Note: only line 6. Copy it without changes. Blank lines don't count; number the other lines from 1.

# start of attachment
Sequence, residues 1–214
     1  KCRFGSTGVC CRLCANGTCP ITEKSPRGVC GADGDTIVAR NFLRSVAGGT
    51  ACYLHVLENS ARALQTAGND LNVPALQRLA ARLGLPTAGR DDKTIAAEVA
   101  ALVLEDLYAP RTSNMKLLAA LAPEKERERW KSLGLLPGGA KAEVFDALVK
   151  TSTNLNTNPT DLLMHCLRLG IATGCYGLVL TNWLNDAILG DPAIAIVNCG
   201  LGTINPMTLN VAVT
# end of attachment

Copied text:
   201  LGTINPMTLN VAVT